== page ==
You can use Google Drive and Google Docs to organize peer review. Derek Mueller has produced a very helpful, 10 minute video
explaining how to use Google Drive folders and Google docs to manage student writing, peer review, and comments. This is a
simple, flexible way of organizing peer review (and the entire workflow of student writing). It’s particularly useful if you want to
move quickly and don’t want (or can’t) plan the entire semester in advance by creating assignments linked to Turnitin and Peermark.
At the same time, you lose some of the “automation” that the Canvas/Blackboard Peermark system enables. So there are trade-offs.
Note that starting fall 2020, all SDSU students receive Google suite products and the university supports this. They will use Google
products with their SDSU IDs. So this makes sharing and access easier. 


Technology Tips from the Fall 2020 Orientation 

  1. Jason Parker, "10 Lessons from two semesters of teaching online"
  2. Chris Werry, Lessons learned from spring and summer about online teaching   
  3. Tips on conducting discussion and organizing asynchronous discussion boards   
  4. Using Hypothesis for Charting, Peer Review and Feedback  
  5. For students: how to view instructor feedback in Turnitin on Canvas (Jason)
  6. Tips on syllabus design and avoiding problems 
  7. SDSU'S fall 2020 syllabus checklist 
  8. Norton's guide to integrating their ebooks They Say/I Say and Little Seagull Handbook into Canvas  
  9. How to activate just some They Say tutorials (Jason)  



RWS Guides to Online Teaching



SDSU Support and Guides to Online Teaching 


Locating your Canvas Site

Note that you might already have a Canvas account that will become visible when you visit https://sdsu.instructure.com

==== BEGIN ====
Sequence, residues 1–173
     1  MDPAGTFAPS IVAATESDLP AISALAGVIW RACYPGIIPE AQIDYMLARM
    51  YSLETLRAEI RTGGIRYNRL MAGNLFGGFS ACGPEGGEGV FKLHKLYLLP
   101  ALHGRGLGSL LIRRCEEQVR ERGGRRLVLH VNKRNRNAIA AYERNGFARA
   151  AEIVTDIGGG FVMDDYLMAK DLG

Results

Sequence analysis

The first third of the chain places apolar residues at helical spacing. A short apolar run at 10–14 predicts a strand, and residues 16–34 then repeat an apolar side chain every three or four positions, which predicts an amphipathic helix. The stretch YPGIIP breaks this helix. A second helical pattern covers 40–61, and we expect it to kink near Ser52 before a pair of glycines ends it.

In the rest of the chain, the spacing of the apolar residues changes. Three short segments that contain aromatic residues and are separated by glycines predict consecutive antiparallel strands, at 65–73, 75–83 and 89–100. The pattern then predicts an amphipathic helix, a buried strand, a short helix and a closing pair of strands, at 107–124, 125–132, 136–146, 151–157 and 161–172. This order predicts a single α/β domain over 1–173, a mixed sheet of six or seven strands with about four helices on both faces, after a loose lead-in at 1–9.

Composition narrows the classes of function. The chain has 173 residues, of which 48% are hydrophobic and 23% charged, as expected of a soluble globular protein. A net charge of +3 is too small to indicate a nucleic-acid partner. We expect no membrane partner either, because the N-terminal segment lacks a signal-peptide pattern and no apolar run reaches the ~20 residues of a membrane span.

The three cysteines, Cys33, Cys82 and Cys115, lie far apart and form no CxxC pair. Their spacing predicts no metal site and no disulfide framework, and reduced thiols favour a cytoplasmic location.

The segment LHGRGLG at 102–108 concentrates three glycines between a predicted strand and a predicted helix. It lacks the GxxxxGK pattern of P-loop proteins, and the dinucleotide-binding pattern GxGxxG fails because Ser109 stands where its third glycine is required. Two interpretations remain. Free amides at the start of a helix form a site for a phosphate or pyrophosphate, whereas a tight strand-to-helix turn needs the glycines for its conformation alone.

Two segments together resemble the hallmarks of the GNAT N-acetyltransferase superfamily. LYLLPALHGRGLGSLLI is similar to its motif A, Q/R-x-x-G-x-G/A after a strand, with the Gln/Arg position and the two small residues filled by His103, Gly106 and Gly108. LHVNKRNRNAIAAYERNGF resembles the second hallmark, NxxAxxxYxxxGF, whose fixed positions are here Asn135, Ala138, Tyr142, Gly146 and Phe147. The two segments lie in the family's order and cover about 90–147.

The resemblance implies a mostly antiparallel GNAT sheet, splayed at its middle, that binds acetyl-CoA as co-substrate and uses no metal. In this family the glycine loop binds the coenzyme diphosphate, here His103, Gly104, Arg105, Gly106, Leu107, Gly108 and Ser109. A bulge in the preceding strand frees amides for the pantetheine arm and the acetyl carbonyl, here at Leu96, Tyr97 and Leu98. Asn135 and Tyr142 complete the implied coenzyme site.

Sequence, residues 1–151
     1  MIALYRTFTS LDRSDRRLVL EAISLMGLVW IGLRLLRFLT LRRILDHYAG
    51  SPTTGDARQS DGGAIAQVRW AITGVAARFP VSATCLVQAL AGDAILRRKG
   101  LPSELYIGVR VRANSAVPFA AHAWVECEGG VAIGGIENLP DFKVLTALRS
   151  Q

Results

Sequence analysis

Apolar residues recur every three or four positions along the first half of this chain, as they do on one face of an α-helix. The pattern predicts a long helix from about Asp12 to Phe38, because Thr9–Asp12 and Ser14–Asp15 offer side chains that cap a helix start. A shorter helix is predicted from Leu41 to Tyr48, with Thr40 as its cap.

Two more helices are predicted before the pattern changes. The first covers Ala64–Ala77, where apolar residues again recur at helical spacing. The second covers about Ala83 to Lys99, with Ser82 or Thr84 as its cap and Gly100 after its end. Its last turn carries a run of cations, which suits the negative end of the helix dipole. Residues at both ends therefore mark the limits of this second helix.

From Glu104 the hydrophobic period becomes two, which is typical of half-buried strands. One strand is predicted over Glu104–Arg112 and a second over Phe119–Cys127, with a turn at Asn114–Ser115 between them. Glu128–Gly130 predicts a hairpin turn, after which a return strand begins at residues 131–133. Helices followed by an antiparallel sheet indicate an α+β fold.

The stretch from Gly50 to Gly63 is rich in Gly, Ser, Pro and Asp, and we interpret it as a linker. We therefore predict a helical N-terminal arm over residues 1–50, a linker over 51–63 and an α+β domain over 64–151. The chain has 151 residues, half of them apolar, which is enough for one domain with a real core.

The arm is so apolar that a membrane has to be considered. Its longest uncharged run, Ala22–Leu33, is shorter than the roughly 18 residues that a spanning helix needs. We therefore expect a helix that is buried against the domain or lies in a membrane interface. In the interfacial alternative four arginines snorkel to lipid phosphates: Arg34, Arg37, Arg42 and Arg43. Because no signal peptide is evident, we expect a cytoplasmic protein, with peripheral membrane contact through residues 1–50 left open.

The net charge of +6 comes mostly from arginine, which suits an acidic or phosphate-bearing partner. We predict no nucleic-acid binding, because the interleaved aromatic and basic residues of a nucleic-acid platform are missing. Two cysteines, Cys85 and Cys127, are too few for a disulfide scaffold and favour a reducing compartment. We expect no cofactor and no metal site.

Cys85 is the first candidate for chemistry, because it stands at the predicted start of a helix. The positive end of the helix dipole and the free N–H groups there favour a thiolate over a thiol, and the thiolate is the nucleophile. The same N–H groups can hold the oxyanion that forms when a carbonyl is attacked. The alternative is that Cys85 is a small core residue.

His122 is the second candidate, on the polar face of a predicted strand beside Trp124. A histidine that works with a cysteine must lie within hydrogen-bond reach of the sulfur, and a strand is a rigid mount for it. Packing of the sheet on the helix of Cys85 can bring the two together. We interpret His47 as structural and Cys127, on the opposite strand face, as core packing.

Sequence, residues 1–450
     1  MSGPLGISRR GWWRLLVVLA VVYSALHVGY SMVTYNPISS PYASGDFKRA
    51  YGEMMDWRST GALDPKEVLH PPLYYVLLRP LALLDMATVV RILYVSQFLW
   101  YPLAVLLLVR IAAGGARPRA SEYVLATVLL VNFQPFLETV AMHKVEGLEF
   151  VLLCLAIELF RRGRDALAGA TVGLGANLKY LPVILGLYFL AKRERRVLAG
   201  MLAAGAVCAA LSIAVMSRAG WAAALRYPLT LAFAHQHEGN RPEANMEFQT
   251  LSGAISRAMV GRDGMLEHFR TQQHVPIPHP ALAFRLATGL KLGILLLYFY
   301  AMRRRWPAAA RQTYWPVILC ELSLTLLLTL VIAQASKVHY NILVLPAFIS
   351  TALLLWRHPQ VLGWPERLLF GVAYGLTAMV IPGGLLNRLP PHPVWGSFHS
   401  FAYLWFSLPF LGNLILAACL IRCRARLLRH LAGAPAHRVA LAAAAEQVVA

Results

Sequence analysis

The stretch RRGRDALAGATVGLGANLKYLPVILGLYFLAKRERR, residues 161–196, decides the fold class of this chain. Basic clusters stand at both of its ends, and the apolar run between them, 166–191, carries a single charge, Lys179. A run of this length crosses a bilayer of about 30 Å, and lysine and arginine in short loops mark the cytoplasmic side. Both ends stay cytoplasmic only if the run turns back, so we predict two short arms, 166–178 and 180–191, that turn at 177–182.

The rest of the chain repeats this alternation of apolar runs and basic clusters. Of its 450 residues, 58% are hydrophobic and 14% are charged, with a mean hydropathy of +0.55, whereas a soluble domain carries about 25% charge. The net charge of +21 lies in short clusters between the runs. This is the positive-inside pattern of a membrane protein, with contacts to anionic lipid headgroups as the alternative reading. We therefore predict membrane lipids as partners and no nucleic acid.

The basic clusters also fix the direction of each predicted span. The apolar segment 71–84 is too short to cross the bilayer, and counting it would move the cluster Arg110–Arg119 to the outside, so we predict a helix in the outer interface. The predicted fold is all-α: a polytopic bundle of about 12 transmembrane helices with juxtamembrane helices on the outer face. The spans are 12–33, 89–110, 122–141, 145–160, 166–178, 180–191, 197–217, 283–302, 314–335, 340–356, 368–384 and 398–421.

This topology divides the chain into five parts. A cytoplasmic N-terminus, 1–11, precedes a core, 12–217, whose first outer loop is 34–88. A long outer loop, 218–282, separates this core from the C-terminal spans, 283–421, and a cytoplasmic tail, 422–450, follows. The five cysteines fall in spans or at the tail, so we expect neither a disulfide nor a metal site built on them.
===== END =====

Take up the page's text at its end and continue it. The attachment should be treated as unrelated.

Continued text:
If you log into this site through your sdsu email account (the one you have as an employee/instructor rather than as a student)
it may already be there. Your student gmail account usually has 4 numbers in it (e.g. jsmith1234@sdsu.edu), whereas your instructor
account is usually just your surname and some initials. You may have been sent an automatic
email with your new employee/instructor
account some time back and so will need to search your email. If that is the issue, then an employee email account may be the
place to start to get access to Canvas. Once you have that, and log into
https://sdsu.instructure.com, you may see your Canvas class. 



Videos to Help Teach Writing

There are three particularly useful collections of resources for students and teachers. You could use videos from
these collections as part of your lectures, or to direct students to for help.


  1. Purdue video playlist on teaching writing https://www.youtube.com/user/OWLPurdue 
  2. University of Maryland, Baltimore Writing Center playlist of videos for teaching writing  
  3. UNC Chapel Hill Writing Center playlist of videos for teaching writing https://www.youtube.com/user/UNCWritingCenter/videos



SDSU Library Resource to Help with library Research During the Pandemic

  • The library created a manual for library research that might be useful for students. When developing this resource they imagined it
    might be a "companion to our OER RWS textbook, and act as a guide, now that it will be harder to provide in-person library instruction."


Powerpoints and Podcasts from Other Writing Programs